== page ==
Author: Zou L1, Zhang Y2, Yang L3,4, Loprinzi PD5, Yeung AS6, Kong J7, Chen KW8, Song W9,10, Xiao T11, Li H12,13
Affiliation: <sup>1</sup>Lifestyle (Mind-Body Movement) Research Center, College of Sports Science, Shenzhen University, Shenzhen 518060, China. email@example.com. <sup>2</sup>Health and Exercise Science Laboratory, Institute of Sports Science, Seoul National University, Seoul 08826, Korea. firstname.lastname@example.org. <sup>3</sup>Cancer Epidemiology and Prevention Research, Alberta Health Services, Calgary, AB T2S 3C3, Canada. email@example.com. <sup>4</sup>Departments of Oncology and Community Health Sciences, Cumming School of Medicine, University of Calgary, Calgary, AB T2N 4Z6, Canada. firstname.lastname@example.org. <sup>5</sup>Department of Health, Exercise Science and Recreation Management School of Applied Sciences, The University of Mississippi, Oxford, MS 36877, USA. email@example.com. <sup>6</sup>Department of Psychiatry, Massachusetts General Hospital, Harvard Medical School, Boston, MA 02114, USA. firstname.lastname@example.org. <sup>7</sup>Department of Psychiatry, Massachusetts General Hospital, Harvard Medical School, Boston, MA 02114, USA. JKONG2@mgh.harvard.edu. <sup>8</sup>Lifestyle (Mind-Body Movement) Research Center, College of Sports Science, Shenzhen University, Shenzhen 518060, China. Qigong4us@hotmail.com. <sup>9</sup>Health and Exercise Science Laboratory, Institute of Sports Science, Seoul National University, Seoul 08826, Korea. email@example.com. <sup>10</sup>Institute on Aging, Seoul National University, Seoul 08826, Korea. firstname.lastname@example.org. <sup>11</sup>College of Mathematics and Statistics, Shenzhen University, Shenzhen 518060, China. email@example.com. <sup>12</sup>Shenzhen Key Laboratory of Affective and Social Cognitive Science, College of Psychology and Sociology, Shenzhen University, Shenzhen 518060, China. firstname.lastname@example.org. <sup>13</sup>Shenzhen Institute of Neuroscience, Shenzhen 518057, China. email@example.com.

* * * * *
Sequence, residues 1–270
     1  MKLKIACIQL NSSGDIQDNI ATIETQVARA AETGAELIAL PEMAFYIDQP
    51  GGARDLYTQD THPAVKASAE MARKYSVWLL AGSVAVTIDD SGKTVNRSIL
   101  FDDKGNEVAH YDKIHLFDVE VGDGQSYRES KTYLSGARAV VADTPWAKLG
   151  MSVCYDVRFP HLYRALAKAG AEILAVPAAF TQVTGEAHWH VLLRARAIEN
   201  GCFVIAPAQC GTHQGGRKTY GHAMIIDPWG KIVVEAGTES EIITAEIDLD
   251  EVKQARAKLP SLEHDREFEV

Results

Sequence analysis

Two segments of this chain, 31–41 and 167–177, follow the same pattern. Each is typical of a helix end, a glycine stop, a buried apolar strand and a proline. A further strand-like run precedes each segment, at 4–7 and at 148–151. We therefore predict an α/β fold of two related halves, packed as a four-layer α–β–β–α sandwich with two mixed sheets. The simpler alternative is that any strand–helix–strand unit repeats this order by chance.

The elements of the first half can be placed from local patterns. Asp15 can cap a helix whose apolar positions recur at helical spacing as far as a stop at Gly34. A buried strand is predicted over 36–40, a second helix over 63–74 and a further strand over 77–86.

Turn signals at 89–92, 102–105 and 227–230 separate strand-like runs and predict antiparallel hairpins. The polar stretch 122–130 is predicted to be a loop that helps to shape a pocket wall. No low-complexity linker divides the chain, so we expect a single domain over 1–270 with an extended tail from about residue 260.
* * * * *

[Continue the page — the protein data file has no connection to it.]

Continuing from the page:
Conference/Journal: J Clin Med.
Date published: 2019 May 8
Other: Volume ID: 8 , Issue ID: 5 , Special Notes: doi: 10.3390/jcm8050628. , Word Count: 299
BACKGROUND: Chronic low back pain (CLBP) is a common health issue worldwide. Tai Chi, Qigong, and Yoga, as the most widely practiced mindful exercises, have promising effects for CLBP-specific symptoms.
OBJECTIVE: We therefore conducted a comprehensive review investigating the effects of mindful exercises versus active and/or non-active controls while evaluating the safety and pain-related effects of mindful exercises in adults with CLBP.
METHODS: We searched five databases (MEDLINE, EMBASE, SCOPUS, Web of Science, and Cochrane Library) from inception to February 2019. Two investigators independently selected 17 eligible randomized controlled trials (RCT) against inclusion and exclusion criteria, followed by data extraction and study quality assessment. Standardized mean difference (SMD) was used to determine the magnitude of mindful exercises versus controls on pain- and disease-specific outcome measures.
RESULTS: As compared to control groups, we observed significantly favorable effects of mindful exercises on reducing pain intensity (SMD = -0.37, 95% CI -0.5 to -0.23, p < 0.001, I2 = 45.9 %) and disability (SMD = -0.39, 95% CI -0.49 to -0.28, p < 0.001, I2 = 0 %). When compared with active control alone, mindful exercises showed significantly reduced pain intensity (SMD = -0.40, p < 0.001). Furthermore, of the three mindful exercises, Tai Chi has a significantly superior effect on pain management (SMD= -0.75, 95% CI -1.05 to -0.46, p < 0.001), whereas Yoga-related adverse events were reported in five studies.
CONCLUSION: Findings of our systematic review suggest that mindful exercises (Tai Chi and Qigong) may be beneficial for CLBP symptomatic management. In particular, Tai Chi appears to have a superior effect in reducing pain intensity irrespective of non-control comparison or active control comparison (conventional exercises, core training, and physical therapy programs). Importantly, training in these mindful exercises should be implemented with certified instructors to ensure quality of movement and injury prevention.
KEYWORDS: Qigong; Tai Chi; Yoga; exercise; low back pain; mind-body medicine; mind-body therapy
PMID: 31072005 DOI: 10.3390/jcm8050628